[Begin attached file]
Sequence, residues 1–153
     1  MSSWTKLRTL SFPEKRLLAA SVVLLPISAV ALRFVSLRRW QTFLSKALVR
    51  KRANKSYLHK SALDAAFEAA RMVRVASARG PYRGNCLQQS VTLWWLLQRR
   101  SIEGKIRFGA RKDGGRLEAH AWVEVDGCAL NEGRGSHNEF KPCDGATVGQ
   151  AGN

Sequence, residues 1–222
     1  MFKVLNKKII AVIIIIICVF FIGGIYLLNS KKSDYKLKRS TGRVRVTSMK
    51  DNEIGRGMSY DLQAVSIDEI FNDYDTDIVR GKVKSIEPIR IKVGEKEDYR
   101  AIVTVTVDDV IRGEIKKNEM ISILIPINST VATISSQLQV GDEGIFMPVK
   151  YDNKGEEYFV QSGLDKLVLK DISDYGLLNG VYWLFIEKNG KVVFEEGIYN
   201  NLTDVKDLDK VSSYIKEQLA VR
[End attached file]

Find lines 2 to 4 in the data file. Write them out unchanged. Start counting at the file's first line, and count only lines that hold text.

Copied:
     1  MSSWTKLRTL SFPEKRLLAA SVVLLPISAV ALRFVSLRRW QTFLSKALVR
    51  KRANKSYLHK SALDAAFEAA RMVRVASARG PYRGNCLQQS VTLWWLLQRR
   101  SIEGKIRFGA RKDGGRLEAH AWVEVDGCAL NEGRGSHNEF KPCDGATVGQ